Read to your children.
So many of our nation’s children begin school without the literacy skills they need to be successful. And unfortunately, they never catch up. Reading is the gateway for every subject taught in school—if a student lacks literacy skills, he or she will struggle in all content areas. Help your child start his or her academic career with a love for reading. Keep books and reading materials in the house, visit the local library, read to your child often, and let your child see you reading. By doing so, you ensure your child has every opportunity to succeed in school and in life.
My students (and I) are so much more than answers on a bubble sheet.
Some things can’t be measured. My students are more than a test score. I want my students to be passionate, creative, and innovative. I want them to be thinkers, problem-solvers, and communicators. Some of the work we do in our classroom to tackle these goals can be captured by a multiple-choice test; a lot cannot. The relationships we build in our classroom, and the ways we grow together each day—these experiences matter more than a test given just once a year.
Be your students’ biggest fan.
Children can’t flourish academically unless they are motivated to succeed. Part of that motivation comes from their belief in themselves. Teachers must help foster such confidence in their students. Set high expectations for all your children and work hard to recognize and develop the strengths they already have. Tell your students why they are worthwhile and why you enjoy having them in your class. Let them know, “I see you, I know your importance, and you can do great things.”
It’s okay to smile before Thanksgiving.
Rookie teachers are often told to be stern disciplinarians, and to never show a friendly, personable disposition to their students. I find this ridiculous! Teaching, good teaching, is about building relationships and about building trust. It’s okay to be warm. It is okay to laugh and have fun. It is okay to be who you are—to be real—with your students.
It’s not about me.
My English class can’t be about my favorite works or authors. It can’t be about my interests. My class has to be about my students and their needs. I have to hand over the reins, and use their interests to drive my instruction. Their goals for the future, and their strengths and weaknesses must shape what I do each and every day.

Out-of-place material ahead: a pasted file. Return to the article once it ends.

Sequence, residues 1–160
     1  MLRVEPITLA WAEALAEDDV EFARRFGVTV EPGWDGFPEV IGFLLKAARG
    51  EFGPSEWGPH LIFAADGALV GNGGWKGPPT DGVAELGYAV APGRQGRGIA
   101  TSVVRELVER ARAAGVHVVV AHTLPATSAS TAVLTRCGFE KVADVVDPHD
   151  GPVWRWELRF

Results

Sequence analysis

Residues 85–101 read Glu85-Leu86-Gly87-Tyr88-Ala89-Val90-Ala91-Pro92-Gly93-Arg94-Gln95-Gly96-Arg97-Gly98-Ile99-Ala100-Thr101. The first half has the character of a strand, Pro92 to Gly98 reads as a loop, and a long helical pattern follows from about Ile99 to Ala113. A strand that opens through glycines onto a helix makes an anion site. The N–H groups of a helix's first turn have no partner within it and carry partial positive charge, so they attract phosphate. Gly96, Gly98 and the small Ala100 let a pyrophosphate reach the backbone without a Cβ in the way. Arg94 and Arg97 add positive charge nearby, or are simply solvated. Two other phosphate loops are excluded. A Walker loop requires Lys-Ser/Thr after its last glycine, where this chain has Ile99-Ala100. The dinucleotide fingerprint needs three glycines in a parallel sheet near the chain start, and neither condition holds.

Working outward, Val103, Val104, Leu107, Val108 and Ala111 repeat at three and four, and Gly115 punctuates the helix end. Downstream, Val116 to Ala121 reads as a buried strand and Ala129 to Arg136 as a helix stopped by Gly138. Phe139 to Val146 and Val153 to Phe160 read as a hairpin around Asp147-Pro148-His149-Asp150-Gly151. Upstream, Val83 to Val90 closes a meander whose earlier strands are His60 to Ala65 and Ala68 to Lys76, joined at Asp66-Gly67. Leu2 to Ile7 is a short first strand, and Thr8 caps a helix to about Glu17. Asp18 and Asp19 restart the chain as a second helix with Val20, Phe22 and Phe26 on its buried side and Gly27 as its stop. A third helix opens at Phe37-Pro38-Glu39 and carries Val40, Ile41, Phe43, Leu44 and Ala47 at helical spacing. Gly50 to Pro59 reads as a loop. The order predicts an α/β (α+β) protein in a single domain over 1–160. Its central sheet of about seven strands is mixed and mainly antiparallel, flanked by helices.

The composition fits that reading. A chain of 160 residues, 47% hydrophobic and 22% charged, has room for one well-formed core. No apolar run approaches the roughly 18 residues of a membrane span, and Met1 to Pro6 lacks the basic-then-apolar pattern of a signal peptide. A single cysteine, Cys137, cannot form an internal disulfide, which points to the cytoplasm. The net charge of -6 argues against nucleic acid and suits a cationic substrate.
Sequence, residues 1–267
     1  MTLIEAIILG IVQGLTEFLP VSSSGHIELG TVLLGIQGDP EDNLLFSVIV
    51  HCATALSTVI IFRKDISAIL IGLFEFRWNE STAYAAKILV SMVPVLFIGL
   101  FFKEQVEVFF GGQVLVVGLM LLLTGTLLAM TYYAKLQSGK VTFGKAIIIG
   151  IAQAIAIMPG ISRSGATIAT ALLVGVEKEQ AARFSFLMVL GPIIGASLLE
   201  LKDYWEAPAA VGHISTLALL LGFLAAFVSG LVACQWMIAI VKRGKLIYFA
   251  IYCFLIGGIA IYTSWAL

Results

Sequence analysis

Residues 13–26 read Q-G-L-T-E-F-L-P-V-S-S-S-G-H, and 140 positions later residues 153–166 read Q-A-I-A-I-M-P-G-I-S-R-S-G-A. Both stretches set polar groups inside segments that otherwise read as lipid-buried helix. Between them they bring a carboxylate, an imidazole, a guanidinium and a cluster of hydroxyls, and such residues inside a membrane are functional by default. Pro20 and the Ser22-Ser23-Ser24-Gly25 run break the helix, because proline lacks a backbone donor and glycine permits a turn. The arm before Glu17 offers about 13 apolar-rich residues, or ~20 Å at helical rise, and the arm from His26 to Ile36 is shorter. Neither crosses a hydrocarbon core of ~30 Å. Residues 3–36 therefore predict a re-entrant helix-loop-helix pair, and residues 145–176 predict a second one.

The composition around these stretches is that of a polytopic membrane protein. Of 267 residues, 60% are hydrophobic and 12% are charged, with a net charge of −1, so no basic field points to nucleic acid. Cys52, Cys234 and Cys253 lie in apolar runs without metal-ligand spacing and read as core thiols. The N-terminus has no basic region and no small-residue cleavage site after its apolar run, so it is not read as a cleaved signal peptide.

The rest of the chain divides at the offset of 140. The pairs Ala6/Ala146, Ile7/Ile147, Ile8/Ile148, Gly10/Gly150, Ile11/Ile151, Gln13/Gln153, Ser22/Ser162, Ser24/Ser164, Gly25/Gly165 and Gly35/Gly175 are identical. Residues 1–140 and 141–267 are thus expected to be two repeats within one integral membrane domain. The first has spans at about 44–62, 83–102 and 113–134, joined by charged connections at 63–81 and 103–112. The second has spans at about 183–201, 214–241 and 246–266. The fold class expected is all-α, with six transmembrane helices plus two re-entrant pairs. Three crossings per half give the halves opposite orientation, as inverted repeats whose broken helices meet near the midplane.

The views expressed on this site are the author's own and do not necessarily reflect those of the Pearson Foundation.
The 2012 Kentucky Teacher of the Year, Kimberly Shearer, is an 11th grade English teacher and assistant librarian at Boone County High School in Florence, Kentucky. Mrs. Shearer has spent her entire teaching career at Boone County High School, and has served as the building’s writing coordinator. She earned a BA in English from Georgetown College, an MA in Secondary Education from Northern Kentucky University, and an MS in Library Media Education from Western Kentucky University.
Mrs. Shearer currently writes a monthly column for Kentucky Teacher, and has written for numerous publications, including the Community and Junior College Libraries Journal. She has been a presenter at the ACT Summit and at the National Council of Teachers of English national conference. Mrs. Shearer belongs to the National Council of Teachers of English, the Kentucky Education Association, and the American Library Association. Recently, she was featured on the television program, Education Matters.
Mrs. Shearer and her husband, Jason, have been married since 2001. The couple has two daughters, Mila and Stella, and resides in Burlington, Kentucky.